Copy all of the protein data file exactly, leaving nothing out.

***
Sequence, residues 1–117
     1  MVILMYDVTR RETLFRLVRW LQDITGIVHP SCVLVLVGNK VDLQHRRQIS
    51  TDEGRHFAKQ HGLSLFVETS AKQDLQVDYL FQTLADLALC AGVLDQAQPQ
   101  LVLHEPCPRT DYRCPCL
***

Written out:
Sequence, residues 1–117
     1  MVILMYDVTR RETLFRLVRW LQDITGIVHP SCVLVLVGNK VDLQHRRQIS
    51  TDEGRHFAKQ HGLSLFVETS AKQDLQVDYL FQTLADLALC AGVLDQAQPQ
   101  LVLHEPCPRT DYRCPCL